Thursday, August 28, 2008

Nursery words

Here's an article about a study of why "nursery words" exist in so many languages. Nursery words are things like mama (English), papa (Italian), baba (Ukrainian), and titi (Hungarian).

The study examined brain scans of babies as they listened to various words: "Brain activity increased in the babies' temporal and left frontal areas whenever the repetitious words [baba or nana] were played. Words with non-adjacent repetitions ('bamuba' or 'napena') elicited no distinctive responses from the brain."

The experiments showed that "The brain areas that are responsible for language in an adult do not 'learn' how to process language during development, but rather, they are specialized — at least in part — to process language from the start."

My own $0.02 here is that this is just one aspect of the mind's penchant for pattern recognition. As we evolved, our minds were selected for their ability to recognize patterns in whatever we perceive. This study is a wonderful example of why - the newborn brain can recognize a pattern of repeated syllables (baba) but isn't yet sophisticated enough to recognize the repetition when there is noise in the signal (bamuba).

The infant brain is flooded with new inputs as it adapts to life outside the womb. With no context for any of it - with no existing mental model of the world - all of the sights, sounds, smells etc are essentially random noise. The baby has no frame of reference to distinguish one perception from another: at first, the mother and the father aren't any more noteworthy to a newborn than the janitor or photographer. The babe's brain takes its best shot at building symbols for all the things it sees, but as various symbols fail to re-occur, they wither and fade out. It is only the repetition of seeing the mother over and over again that reinforces that symbol in the brain and allows the baby's mind to say "this is not a random image I keep seeing".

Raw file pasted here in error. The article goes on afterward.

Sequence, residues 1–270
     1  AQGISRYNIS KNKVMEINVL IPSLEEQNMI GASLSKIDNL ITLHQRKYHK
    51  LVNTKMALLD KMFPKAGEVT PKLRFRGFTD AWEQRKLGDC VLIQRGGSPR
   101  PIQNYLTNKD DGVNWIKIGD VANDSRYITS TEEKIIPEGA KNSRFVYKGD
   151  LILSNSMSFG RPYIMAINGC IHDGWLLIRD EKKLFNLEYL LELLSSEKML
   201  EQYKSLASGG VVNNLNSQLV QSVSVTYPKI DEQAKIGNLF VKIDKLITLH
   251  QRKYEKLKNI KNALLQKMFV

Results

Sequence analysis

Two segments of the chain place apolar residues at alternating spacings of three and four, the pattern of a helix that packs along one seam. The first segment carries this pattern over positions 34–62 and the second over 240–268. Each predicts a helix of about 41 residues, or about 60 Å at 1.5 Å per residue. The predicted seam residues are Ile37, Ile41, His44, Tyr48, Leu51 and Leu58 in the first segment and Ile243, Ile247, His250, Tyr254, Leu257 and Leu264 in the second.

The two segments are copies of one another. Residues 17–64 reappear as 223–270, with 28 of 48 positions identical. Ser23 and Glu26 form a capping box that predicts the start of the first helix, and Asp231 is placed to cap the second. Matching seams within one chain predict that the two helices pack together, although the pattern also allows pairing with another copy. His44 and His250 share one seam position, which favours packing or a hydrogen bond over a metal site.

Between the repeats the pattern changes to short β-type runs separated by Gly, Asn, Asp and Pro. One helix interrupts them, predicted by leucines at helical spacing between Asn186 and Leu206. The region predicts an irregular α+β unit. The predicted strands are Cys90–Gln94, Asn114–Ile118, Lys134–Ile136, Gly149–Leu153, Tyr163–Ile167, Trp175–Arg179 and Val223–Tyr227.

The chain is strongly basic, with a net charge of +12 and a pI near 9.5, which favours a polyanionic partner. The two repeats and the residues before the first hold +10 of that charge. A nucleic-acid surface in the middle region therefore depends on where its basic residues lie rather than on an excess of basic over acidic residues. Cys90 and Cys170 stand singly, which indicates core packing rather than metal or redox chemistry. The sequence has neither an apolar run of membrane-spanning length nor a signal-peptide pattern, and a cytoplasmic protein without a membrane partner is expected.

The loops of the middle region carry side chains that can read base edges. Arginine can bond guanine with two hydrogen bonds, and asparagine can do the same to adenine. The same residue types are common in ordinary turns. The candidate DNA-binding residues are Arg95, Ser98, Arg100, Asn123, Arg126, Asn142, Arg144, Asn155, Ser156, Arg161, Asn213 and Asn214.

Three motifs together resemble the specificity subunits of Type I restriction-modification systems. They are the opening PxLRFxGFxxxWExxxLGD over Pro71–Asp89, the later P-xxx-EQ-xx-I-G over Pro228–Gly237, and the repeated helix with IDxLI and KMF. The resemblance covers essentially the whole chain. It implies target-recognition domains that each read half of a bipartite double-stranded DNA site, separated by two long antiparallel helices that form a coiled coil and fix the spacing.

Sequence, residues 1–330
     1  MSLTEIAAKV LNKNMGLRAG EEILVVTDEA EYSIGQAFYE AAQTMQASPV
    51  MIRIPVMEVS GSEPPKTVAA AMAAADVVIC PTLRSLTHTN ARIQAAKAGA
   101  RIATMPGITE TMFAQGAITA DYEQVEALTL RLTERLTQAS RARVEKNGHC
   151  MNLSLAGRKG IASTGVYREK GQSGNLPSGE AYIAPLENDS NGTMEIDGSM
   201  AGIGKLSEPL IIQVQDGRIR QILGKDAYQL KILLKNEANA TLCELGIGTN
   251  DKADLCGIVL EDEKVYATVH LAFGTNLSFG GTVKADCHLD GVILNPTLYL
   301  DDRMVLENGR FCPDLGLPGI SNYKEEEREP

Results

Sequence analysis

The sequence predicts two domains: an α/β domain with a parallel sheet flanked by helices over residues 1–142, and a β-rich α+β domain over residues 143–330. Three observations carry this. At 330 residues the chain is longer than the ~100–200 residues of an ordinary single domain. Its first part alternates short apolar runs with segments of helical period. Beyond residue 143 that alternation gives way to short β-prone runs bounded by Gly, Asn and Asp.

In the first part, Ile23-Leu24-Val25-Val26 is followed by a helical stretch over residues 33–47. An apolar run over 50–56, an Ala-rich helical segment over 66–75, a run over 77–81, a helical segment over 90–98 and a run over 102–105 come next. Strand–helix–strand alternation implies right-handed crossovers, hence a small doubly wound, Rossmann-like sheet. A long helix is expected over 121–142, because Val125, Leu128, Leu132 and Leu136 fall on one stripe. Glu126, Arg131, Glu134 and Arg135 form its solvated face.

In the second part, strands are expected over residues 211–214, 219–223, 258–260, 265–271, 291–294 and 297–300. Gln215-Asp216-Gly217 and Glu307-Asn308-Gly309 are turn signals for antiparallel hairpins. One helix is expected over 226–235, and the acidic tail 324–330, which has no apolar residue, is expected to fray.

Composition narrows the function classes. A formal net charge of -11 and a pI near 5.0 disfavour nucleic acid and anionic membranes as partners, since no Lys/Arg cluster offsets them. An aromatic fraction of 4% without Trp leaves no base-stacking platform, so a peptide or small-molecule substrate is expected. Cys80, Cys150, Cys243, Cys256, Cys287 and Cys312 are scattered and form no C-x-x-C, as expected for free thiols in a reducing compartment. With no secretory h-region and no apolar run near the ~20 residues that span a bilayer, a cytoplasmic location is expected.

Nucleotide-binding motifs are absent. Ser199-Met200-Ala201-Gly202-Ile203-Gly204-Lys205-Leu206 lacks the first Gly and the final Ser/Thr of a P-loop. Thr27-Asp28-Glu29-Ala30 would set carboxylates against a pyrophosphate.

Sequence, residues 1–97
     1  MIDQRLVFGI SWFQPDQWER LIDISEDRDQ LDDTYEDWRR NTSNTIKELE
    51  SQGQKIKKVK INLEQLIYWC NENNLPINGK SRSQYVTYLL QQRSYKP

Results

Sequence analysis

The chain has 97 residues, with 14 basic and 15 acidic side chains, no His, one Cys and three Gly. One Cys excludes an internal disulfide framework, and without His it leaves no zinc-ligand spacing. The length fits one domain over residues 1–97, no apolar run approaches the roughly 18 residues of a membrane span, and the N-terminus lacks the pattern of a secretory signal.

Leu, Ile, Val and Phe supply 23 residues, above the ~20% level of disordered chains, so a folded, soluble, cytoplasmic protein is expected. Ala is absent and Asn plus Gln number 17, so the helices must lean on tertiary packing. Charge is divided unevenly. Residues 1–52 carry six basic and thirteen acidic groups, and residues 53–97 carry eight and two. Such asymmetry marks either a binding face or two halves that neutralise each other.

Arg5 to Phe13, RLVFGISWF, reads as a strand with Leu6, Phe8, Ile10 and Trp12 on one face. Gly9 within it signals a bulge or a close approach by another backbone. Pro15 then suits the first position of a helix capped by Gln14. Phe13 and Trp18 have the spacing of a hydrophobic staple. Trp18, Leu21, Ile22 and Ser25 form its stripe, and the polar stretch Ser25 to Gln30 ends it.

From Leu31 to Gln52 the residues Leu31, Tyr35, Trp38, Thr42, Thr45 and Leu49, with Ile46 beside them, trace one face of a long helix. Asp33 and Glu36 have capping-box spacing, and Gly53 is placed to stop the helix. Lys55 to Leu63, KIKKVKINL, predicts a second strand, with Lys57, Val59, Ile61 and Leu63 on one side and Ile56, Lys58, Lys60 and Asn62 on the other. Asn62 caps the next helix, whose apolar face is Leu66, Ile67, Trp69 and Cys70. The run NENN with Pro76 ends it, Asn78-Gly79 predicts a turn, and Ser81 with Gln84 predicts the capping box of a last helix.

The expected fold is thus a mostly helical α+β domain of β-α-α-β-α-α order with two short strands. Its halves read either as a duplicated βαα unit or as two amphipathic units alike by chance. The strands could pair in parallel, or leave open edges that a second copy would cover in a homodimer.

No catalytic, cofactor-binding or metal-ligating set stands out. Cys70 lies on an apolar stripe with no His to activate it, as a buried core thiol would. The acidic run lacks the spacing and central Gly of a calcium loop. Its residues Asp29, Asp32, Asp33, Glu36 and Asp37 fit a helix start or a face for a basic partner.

Similarly, the baby has no instinctive way to know that a conversation between its parents is a type of sound any more relevant than the sound of a door closing or window opening. But the repetition of "parents talking" especially in concert with the repetition of seeing the parents over and over again lets the baby's brain start to recognize that the sounds are not random. From there, it's a short step to assigning meaning to some of those sounds - how natural that the first words a baby learns feature both the repetition of syllables ('mama') and an association to a highly non-random image (the mother's face.)

I wonder if you repeated the study, but instead of using repeated syllables (nursery words) you used repeated sound effects (a drum roll, maybe?) the same areas in the brain would fire. I don't know if there's anything magic about the fact that it is a word that the babies heard that matters - after all, baby animals learn to assign meaning to the sound of their parents (screeches, roars, hisses, etc) without speaking Italian.

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